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Here's a statement of the obvious: The opinions expressed here are those of the participants, not those of the Mutual Fund Observer. We cannot vouch for the accuracy or appropriateness of any of it, though we do encourage civility and good humor.

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Vanguard Quits Net-Zero Alliance

Vanguard is quitting the Net-Zero alliance NZAM/GFANZ.

GFANZ (Global Financial Alliance for Net-Zero; 04/2021- ) includes 550 members with $150 trillion AUM. Mark Carney (BOE) has been the prime mover for GFANZ; Michael Bloomberg is Co-Chair. Within GFANZ, there are 7 sector specific alliances and NZAM is for asset-managers.

Vanguard said that in managing its index funds, it didn't want to be constrained by Net-Zero objectives; it also didn't want its investors to be confused by contradictions from its membership in NZAM/GFANZ. Some other US companies are also thinking of leaving GFANZ after a rush to join this new alliance.


  • This would sure shake my confidence that Vanguard just sees Climate Change/Carbon transition as marketing and now the winds have shifted a bit. I tend to believe their new "Vanguard Environmental Fund" VEOIX VEOAX will soon be defunct

    Typical Vanguard tying to have your cake and eat it too.
  • edited December 2022
    Humans generally aren't good at banding together for a danger that is sight unseen for many, whose timing cannot be predicted well and the damage is more like a slow moving train crash. Boiling frog syndrome. Societal change happens after major catastrophic events, not in advance of.

    And this one has so many additional angles -- some countries guilt tripping the G7 to wrangle money, NIMBY, etc..

    If Miami sinks tomorrow sure the US might get serious and everybody knows without US involvement not much will happen. The other members of the G7 will be parasites on this item same as NATO and UN budgets.
  • @stayCalm
    When Miami sinks, DeSantis will demand all the other US taxpayers bail them out, although he voted against and railed against aid for Super Storm Sandy
  • edited December 2022

    That is pretty much the credo of some GOP politicians.

    I got mine, screw the rest of you (but I'll come back for more when I need it)

    A pretty sad state of affairs on the awareness of the electorate when so many red states are net takers from the federal money pot but still bash the blue states that are net contributors (and the voters still lap it up anyway)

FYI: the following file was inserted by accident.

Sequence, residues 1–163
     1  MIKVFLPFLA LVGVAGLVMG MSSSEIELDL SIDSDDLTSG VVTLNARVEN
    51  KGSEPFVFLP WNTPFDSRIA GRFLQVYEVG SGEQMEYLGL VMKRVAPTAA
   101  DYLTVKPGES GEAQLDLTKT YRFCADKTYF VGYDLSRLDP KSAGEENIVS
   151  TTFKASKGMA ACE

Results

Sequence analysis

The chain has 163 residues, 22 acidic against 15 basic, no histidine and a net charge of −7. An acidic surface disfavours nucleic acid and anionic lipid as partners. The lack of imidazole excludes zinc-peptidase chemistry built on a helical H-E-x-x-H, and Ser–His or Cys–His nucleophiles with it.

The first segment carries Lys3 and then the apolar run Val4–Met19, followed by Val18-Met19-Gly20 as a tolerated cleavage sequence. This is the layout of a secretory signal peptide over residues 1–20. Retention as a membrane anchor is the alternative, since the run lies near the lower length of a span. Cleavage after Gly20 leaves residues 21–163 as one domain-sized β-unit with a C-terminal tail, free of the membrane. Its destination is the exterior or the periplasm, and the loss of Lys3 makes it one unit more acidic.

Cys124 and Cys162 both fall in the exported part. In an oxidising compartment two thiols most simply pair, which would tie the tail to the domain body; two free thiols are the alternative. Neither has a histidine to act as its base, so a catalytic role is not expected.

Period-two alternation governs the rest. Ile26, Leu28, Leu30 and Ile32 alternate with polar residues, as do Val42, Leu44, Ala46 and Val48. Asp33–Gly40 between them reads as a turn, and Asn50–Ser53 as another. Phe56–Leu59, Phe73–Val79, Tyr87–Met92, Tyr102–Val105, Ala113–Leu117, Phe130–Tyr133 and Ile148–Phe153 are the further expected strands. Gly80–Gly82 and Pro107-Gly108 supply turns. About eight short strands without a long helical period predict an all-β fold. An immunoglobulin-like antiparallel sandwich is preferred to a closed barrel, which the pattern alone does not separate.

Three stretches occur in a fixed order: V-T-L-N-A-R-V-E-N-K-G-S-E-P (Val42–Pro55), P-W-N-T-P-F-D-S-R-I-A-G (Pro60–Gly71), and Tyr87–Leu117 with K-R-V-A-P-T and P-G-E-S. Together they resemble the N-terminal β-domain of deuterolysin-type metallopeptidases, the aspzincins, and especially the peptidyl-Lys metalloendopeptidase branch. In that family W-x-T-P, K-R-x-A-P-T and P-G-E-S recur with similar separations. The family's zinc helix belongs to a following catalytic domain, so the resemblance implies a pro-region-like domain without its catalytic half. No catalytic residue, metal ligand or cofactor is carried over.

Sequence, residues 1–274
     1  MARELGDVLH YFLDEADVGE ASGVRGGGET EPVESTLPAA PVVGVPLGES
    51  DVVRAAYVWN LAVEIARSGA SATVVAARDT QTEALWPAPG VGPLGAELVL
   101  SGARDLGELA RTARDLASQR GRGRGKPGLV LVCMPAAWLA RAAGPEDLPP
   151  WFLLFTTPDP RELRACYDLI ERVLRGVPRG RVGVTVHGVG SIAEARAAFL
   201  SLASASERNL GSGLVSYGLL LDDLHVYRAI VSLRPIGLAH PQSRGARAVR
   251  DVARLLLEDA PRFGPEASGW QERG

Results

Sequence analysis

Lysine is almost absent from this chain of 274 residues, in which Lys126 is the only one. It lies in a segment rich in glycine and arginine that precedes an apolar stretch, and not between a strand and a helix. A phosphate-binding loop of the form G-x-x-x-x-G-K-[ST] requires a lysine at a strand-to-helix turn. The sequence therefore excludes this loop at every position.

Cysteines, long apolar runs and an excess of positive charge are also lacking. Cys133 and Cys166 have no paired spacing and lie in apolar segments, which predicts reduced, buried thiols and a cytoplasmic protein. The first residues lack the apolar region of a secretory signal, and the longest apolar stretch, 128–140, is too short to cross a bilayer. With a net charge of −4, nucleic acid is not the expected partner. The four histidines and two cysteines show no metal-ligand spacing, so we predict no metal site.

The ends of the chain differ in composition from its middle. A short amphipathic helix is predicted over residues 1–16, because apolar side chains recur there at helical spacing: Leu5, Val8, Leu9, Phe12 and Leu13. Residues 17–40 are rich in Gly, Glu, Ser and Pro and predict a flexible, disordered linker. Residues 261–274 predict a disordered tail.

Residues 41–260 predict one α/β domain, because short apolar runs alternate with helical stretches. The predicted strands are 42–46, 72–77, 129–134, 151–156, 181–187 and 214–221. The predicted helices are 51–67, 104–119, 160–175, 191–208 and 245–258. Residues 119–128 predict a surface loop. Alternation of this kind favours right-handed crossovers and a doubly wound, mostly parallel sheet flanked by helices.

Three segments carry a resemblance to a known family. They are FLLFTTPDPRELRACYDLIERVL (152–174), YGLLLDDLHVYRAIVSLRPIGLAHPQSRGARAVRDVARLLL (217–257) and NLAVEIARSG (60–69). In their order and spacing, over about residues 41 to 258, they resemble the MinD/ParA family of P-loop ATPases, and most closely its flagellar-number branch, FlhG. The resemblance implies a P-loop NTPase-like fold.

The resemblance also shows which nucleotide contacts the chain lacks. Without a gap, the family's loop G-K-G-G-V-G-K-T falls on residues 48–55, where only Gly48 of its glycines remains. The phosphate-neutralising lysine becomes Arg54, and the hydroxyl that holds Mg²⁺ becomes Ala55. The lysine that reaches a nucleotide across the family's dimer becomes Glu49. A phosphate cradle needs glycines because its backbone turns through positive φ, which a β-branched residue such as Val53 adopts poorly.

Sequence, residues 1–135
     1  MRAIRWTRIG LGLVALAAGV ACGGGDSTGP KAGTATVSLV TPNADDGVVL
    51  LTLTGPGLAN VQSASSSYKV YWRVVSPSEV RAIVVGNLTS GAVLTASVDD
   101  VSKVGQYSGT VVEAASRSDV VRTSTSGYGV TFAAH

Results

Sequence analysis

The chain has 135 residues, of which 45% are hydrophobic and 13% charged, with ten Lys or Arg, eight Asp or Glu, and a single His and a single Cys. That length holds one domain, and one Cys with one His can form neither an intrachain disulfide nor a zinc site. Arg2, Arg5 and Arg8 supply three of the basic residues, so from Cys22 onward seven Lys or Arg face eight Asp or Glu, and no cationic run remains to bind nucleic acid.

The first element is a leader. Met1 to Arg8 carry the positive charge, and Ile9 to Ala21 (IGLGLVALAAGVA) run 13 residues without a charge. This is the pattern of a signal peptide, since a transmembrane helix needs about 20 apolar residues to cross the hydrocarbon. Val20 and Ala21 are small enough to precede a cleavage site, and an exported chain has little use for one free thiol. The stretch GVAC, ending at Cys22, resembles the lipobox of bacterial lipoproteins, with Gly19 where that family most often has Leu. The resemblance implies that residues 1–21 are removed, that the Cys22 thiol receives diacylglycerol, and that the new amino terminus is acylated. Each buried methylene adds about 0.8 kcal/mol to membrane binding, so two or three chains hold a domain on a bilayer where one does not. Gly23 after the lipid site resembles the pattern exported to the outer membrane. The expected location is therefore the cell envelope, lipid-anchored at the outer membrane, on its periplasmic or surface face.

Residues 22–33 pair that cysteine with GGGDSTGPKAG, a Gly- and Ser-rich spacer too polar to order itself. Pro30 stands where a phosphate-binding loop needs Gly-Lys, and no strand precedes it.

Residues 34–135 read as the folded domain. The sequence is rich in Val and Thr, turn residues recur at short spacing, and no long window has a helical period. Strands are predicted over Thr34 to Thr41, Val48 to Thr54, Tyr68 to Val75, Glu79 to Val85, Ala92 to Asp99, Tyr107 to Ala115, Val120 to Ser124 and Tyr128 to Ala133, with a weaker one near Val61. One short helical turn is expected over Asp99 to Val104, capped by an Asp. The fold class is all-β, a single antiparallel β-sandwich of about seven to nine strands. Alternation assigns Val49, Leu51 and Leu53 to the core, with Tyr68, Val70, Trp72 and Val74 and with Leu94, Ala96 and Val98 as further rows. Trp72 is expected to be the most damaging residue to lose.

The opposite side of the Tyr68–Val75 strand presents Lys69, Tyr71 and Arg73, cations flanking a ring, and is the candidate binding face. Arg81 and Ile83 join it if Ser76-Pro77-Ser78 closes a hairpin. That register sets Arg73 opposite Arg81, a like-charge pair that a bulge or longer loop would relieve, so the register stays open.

• edited December 2022
    While my personal perspective is very much in empathy with the comments above, I would gently remind everyone that commentary such as this has, in the past, caused significant problems for the folks who maintain MFO.

    As a result of past contention it was well established that the majority of MFO members are primarily interested in financial matters, and do not appreciate excursions into politically contentious arenas.

    Those of us who have been very long-term MFO participants will recall that this tension resulted in such divisiveness among MFO posters that management decided to disallow virtually all non-financial commentary. It took a lot of persuasion to create the Off-Topic section as an arena for such discussions. The commentary in that section does not migrate to any of the other discussion sections, so as keep those sections primarily confined to purely financial matters, honoring the preferences of the majority of MFO posters.

    It's in the best interests of all of us to keep this in mind as we post. I realize that sometimes it's hard to do that- occasionally I find myself compelled to go a bit over the line. The previous presidential administration certainly made it very difficult to insulate financial commentary from the stench of political reality.

    Anyway, try to keep all of that in mind as we wade through life.

    Thanks- OJ
  • gotcha, yes.
  • Intent wasn't to throw shade only at GOP politicians, there's bad apples on the donkey side too.

    I hear the message, over and out on this topic.

  • Old_Joe made some very good points about posting political commentary in the Off-Topic section.
    Politics can be extremely divisive - I've witnessed major kerfuffles on other investment boards.
  • I agree with the sentiments, but rather than start a new thread, I used this one to point out the apparent inability of some politicians to understand we are all in this together.

    However, it is hard to have a discussion about "climate change" investing without acknowledging the immense attack by several GOP governors and legislatures on carbon transition investments, in some cases perhaps to protect their fossil fuel economy.